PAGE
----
Australian start-up, mDetect, a spin-out company from Swinburne University of Technology, is using particles from space, known as muons, to, it says, help mining companies detect weaknesses in dams that secure highly toxic mining waste by-products, making them environmentally safer.
The hazardous waste early warning system, using muon technology, will revolutionise how mining companies monitor the stability of tailings dams, thanks to mDetect’s technology and a A$1.5 million ($1.09 million) co-investment grant from the Federal Government’s Advanced Manufacturing Growth Centre (AMGC) Commercialisation Fund and partners to fast track its commercial production, the university says.
Swinburne University of Technology’s Vice-Chancellor Professor, Pascale Quester, said research and education into space technologies and their terrestrial applications have extraordinary potential for positive economic and social impact.
“Swinburne is focused on ensuring that the vital research we do has significant positive impact,” Quester says. “The important work of mDetect, led by Swinburne’s Professor Alan Duffy, is emblematic of Swinburne’s cutting-edge research and our ability to market innovative ideas. This is paving the way for successful research commercialisation that provides real solutions for industries.”
OZ Minerals, as a key industry partner, has been integral to the development of the technology. The miner is expected to deploy the device at its tailings dam at the Carrapateena operation in South Australia.
Myles Johnston, General Manager of OZ Minerals Carrapateena Province, said: “OZ Minerals recognises our responsibility to meaningfully contribute to regional economic and social wellbeing as stronger communities create value for all stakeholders. By ethically and responsibly exploring for and mining copper, we contribute to a low carbon future and economic wellbeing, which helps us achieve our purpose and contribute to a better future.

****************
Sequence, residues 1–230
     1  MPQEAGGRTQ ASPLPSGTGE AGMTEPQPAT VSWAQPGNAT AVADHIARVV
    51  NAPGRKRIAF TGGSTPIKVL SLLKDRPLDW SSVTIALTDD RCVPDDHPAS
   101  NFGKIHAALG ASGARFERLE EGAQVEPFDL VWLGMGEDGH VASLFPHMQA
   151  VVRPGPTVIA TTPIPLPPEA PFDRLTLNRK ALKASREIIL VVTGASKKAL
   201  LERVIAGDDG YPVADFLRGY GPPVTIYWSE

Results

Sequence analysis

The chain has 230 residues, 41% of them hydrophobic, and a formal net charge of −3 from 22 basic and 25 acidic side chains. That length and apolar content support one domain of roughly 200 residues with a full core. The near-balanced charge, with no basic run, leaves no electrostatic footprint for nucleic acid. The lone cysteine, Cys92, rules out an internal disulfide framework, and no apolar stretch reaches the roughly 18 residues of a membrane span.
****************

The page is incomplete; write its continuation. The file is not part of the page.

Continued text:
“We congratulate mDetect on being awarded the AMGC grant, and the team at Carrapateena is excited to be collaborating with mDetect on the development of a fully supported, flexible 3D muon monitoring system.”
Professor Duffy said: “Muons are heavier versions of electrons that are made when cosmic rays slam into atoms in Earth’s atmosphere. We have patented new detectors, that, combined with powerful artificial intelligence techniques, take an X-ray style scan through solid rock revealing different density structures.”
This patented technology can provide intelligence on the internal structures and substances of buildings, infrastructure, and subterranean and aquatic features, opening up a range of commercial opportunities for the construction and mining industries, Swinburne University says.
“Simply put, muon technology can look through rock to create underground images and detect abnormalities which will provide the early warning signs needed to prevent potential structural failures.”
mDetect will work with local manufacturing company Elgee Industries and Swinburne’s Factory of the Future to produce the muon devices at scale. Connecting these devices and turning detections into underground images will be undertaken by Swinburne’s Astronomy Data and Computing Services software development team.